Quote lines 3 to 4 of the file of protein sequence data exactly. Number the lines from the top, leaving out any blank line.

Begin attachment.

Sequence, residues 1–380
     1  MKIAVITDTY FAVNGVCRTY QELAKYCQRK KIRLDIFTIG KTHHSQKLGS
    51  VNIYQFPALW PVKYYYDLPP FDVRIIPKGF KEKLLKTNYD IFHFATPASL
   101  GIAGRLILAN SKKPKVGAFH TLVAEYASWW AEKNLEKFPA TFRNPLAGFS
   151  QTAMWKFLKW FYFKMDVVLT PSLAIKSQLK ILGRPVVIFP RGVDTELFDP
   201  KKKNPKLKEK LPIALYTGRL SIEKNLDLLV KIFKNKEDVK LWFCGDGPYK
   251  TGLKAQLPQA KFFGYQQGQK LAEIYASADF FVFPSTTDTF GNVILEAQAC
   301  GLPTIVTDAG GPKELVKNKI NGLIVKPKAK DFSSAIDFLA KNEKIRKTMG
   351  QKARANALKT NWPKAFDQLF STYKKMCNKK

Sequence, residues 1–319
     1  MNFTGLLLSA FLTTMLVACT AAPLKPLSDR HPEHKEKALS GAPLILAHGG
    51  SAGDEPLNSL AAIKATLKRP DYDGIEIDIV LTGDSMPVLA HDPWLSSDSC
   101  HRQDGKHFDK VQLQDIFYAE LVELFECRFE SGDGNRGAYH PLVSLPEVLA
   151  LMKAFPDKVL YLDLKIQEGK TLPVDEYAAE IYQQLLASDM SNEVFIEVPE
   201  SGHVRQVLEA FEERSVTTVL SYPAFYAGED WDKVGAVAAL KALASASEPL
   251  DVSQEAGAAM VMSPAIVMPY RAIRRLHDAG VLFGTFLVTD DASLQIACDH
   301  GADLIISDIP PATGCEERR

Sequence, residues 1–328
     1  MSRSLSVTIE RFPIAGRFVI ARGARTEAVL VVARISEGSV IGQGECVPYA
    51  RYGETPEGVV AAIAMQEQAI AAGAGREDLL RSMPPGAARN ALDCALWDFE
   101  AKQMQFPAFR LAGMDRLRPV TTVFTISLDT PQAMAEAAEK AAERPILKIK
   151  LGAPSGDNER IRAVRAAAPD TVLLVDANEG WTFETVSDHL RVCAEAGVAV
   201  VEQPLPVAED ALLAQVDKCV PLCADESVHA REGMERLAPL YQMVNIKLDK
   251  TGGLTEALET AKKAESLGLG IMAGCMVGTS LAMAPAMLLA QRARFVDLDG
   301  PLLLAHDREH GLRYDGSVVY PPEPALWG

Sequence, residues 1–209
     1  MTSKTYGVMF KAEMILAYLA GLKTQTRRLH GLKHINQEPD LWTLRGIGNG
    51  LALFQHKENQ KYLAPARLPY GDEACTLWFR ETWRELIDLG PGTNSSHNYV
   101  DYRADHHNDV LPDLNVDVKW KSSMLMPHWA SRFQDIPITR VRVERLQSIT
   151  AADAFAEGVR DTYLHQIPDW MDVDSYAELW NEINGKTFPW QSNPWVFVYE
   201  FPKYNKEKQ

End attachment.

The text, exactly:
    51  VNIYQFPALW PVKYYYDLPP FDVRIIPKGF KEKLLKTNYD IFHFATPASL
   101  GIAGRLILAN SKKPKVGAFH TLVAEYASWW AEKNLEKFPA TFRNPLAGFS